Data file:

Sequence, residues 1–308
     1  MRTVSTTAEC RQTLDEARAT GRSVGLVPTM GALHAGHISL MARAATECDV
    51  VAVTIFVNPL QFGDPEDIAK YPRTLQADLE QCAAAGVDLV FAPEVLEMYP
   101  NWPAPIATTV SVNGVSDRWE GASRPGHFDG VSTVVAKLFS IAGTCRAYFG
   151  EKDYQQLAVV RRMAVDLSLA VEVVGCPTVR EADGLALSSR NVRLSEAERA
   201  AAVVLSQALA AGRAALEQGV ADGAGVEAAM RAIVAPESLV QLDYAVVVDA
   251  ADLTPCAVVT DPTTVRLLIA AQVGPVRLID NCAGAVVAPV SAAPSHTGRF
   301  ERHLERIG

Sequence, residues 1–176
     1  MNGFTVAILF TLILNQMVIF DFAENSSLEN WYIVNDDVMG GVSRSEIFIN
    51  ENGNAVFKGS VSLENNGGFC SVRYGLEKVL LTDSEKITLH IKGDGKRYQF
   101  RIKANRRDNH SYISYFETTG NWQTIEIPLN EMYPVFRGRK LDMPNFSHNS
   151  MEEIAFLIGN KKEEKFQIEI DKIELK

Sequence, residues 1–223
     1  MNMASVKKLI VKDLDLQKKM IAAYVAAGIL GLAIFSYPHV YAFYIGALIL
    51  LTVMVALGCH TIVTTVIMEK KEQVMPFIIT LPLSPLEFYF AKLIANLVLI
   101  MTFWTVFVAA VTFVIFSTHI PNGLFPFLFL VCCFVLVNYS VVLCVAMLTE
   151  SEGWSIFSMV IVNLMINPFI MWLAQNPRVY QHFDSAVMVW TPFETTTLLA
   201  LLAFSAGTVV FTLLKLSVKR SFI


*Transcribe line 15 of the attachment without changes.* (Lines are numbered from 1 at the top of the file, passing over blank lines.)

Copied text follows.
     1  MNMASVKKLI VKDLDLQKKM IAAYVAAGIL GLAIFSYPHV YAFYIGALIL